Red Garland: The Nearness of You

AAJ Staff By

Sign in to view read count
From time to time Red Garland would do something new in his long series of albums, injecting some variety into his classic formula. Sometimes it was an added musician, or there’d be a “theme” album like WHEN THERE ARE GREY SKIES, full of old tunes like “St. James Infirmary”. This is one of the latter – an all-ballad set. Considering how lyrical Red was, this was a natural, although he only did it a couple of times (the others were for the Moodsville label.) With a new trio (Larry Ridley and Frank Gant, later to appear on Red’s album Solar), Red goes through the old standards with his typical charm, including a solo performance of “Lush Life”. This is another natural – like Red himself.

The theme to “Why Was I Born?” is played entirely with block chords, something he rarely did. As the echo blankets him, he’ll sometimes lift the sustain pedal, and that brings the backing into sharp focus. Ridley’s part is quite prominent; his notes boom and he walks forcefully. Red’s solo starts bluesy, with pensive notes; here too the chords creep back, and before we know it we’re back on the theme, with a nice downward stagger of notes as it comes to a close.

The brushes rain quietly and the notes comes slowly on “The Nearness of You.” Red always had a way of sounding lonely in his single-note playing; this contrasts well with the block chords, which we hear at the end of the theme. Ridley gets the first solo, and it’s pretty busy, suggesting power as Red’s comping comes soft. Red’s own solo is also aggressive, and returns to chords just before the theme. As it closes, Red hits a succession of high notes that sound like chimes, and the “familiar “big finish” comes in an unfamiliar way.

Time is suspended as “Where or When” begins. It’s very slow, with the left hand doing most of the work. The high notes are scattered, and it takes a while to recognize the melody. The pace picks up a little, and Red gets more forceful. When at last we hear the full theme, we get it in chords, an unexpected struttin’ finish, and some busy tinkling in Red’s solo. The cymbals rumble sharply; Gant using them more than most Garland drummers; with the brushes the rumbling sound is doubled. A minuet-like figure runs down the keys as Red and Frank bring it home together.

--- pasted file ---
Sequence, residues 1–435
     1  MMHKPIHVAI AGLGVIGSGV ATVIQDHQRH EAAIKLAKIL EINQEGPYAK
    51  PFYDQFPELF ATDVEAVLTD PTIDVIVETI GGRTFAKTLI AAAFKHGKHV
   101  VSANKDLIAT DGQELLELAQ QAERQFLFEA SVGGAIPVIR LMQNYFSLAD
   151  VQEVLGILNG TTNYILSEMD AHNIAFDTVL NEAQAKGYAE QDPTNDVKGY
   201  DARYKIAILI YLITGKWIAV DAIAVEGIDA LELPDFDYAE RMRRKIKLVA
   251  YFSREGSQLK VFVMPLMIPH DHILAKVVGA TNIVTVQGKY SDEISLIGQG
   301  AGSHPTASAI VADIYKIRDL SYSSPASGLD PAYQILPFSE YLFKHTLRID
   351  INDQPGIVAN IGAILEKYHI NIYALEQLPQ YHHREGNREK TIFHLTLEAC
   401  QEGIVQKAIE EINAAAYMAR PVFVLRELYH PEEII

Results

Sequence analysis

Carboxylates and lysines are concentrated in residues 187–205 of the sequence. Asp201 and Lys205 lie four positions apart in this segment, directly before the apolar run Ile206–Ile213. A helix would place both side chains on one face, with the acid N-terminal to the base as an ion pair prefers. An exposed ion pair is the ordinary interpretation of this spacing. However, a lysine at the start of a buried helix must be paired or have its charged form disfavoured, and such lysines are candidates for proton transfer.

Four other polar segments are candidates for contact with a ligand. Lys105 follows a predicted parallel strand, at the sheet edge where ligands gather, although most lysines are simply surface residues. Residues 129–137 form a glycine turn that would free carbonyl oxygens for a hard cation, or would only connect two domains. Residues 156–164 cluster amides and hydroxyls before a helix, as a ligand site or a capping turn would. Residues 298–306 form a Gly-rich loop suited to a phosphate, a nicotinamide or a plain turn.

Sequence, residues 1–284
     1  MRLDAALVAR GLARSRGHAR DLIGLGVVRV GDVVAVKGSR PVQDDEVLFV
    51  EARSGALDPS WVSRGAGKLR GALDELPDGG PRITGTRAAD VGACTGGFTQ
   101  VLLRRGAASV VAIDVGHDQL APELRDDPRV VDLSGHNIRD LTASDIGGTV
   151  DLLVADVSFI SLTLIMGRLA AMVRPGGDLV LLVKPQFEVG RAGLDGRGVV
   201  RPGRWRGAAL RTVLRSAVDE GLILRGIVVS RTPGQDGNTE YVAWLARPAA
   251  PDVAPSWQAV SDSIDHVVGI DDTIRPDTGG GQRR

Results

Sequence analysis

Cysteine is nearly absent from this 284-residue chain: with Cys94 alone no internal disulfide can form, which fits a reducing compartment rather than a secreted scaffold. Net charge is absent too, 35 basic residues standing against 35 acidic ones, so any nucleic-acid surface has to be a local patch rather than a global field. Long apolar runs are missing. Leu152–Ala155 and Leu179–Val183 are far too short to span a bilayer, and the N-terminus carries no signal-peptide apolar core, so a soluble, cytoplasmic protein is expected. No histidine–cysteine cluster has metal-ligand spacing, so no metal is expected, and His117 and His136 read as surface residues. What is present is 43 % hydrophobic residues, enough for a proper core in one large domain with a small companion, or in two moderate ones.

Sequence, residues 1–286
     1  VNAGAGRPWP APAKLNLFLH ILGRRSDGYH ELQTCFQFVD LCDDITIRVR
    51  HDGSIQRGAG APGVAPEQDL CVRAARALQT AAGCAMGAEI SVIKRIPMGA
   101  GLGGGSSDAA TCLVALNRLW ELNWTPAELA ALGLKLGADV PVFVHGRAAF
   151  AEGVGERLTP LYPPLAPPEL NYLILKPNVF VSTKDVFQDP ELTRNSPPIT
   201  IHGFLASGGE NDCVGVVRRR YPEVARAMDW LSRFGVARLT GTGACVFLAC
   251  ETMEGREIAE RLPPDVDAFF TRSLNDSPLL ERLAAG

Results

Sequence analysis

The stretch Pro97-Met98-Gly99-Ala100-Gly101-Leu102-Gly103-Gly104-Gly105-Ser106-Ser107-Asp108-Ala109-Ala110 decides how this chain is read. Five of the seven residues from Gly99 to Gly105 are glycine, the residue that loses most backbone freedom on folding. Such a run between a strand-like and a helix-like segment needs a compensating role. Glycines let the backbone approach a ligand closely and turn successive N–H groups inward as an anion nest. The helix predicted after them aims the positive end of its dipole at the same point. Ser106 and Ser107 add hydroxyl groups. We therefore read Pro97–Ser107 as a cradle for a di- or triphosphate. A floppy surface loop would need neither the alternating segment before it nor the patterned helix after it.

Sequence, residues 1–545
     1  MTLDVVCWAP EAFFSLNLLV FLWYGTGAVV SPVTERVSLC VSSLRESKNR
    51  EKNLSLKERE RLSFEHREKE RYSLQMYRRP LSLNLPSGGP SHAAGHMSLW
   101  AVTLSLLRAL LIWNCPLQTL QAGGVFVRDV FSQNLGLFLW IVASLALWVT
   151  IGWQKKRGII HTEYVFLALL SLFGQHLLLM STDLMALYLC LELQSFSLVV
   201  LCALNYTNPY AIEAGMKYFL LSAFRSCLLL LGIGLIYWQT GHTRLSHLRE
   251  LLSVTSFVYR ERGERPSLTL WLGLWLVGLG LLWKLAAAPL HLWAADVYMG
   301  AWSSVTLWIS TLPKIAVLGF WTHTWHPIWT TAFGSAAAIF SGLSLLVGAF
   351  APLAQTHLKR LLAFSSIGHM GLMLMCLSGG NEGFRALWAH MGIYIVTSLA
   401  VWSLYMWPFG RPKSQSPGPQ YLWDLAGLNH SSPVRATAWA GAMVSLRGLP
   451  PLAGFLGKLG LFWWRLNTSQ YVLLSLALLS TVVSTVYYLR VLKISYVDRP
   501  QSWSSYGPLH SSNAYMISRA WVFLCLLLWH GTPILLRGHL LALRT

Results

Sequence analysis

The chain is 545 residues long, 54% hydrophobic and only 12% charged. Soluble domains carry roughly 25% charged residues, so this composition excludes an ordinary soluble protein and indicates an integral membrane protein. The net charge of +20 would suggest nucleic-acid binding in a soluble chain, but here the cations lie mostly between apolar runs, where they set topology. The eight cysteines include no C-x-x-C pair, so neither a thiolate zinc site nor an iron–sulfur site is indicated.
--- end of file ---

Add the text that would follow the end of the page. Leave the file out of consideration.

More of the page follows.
“Long Ago and Far Away” begins much as the last did, the wistful notes coming singly and slowly forming a song. The closing theme is clever: while left hand chords heavy and hard, right hand pecks out the notes as it did before, giving you loud and soft at once. Red next gives a wink at his successor with Miles Davis: he quotes “Peace Piece” while opening “I Got it Bad”. The pace is up, with lush highlights on the last section of theme. Gant’s brushes are quite loud, the sound swelling and receding much like Garland drummer Arthur Taylor. Red’s solo gets downright giddy, with a rapid fire of fluttering notes. It’s a nice build-up to a nice finish, with some bowing by Ridley.

“Lush Life” opens with the theme – but wait a minute. After four measures Red goes to the verse, and plays it with feeling, heavy chords, and high notes. The verse ends on an atmospheric note, around a pulsing low rumble. The tune itself is properly lush, but block chords are at a minimum. We hear tremolos, Peterson-like runs, and quiet moments right at the end. It’s a great performance, and a rigorous change of pace.

Following this solo piece, we get “All Alone”, played by the trio. The opening is marvelously lonely, with Red hanging on the notes and the rhythm pushing him on. Theme and solo go on their way, and it ends with some great happy conventional chords; it’s perhaps the best ending of the set. And there you have it: nothing but Red Garland ballads. Sometimes that’s all you need.

| Record Label: Fantasy Jazz | Style: Straight-ahead/Mainstream

comments powered by Disqus


More Articles

Read The Big Wig CD/LP/Track Review The Big Wig
by Ian Patterson
Published: May 24, 2017
Read The Dreamer Is the Dream CD/LP/Track Review The Dreamer Is the Dream
by Mark Sullivan
Published: May 24, 2017
Read Bill Evans – Another Time: The Hilversum Concert CD/LP/Track Review Bill Evans – Another Time: The Hilversum Concert
by C. Michael Bailey
Published: May 24, 2017
Read The Failure of Words CD/LP/Track Review The Failure of Words
by Glenn Astarita
Published: May 24, 2017
Read Groove Dreams CD/LP/Track Review Groove Dreams
by Dan Bilawsky
Published: May 23, 2017
Read Kami Fusen CD/LP/Track Review Kami Fusen
by Glenn Astarita
Published: May 23, 2017
Read "Argonautica" CD/LP/Track Review Argonautica
by Troy Collins
Published: November 14, 2016
Read "Solstice" CD/LP/Track Review Solstice
by Jerome Wilson
Published: November 27, 2016
Read "The Roc" CD/LP/Track Review The Roc
by Geno Thackara
Published: May 6, 2017
Read "Live At Vilnius Jazz Festival" CD/LP/Track Review Live At Vilnius Jazz Festival
by John Sharpe
Published: January 22, 2017
Read "Been Up So Long It Looks Like Down to Me: The Micros Play the Blues" CD/LP/Track Review Been Up So Long It Looks Like Down to Me: The Micros Play...
by Karl Ackermann
Published: February 18, 2017
Read "Near Life Experience" CD/LP/Track Review Near Life Experience
by John Kelman
Published: June 27, 2016

Why wait?

Support All About Jazz and we'll deliver exclusive content, hide ads, hide slide-outs, and provide read access to our future articles.

Buy it!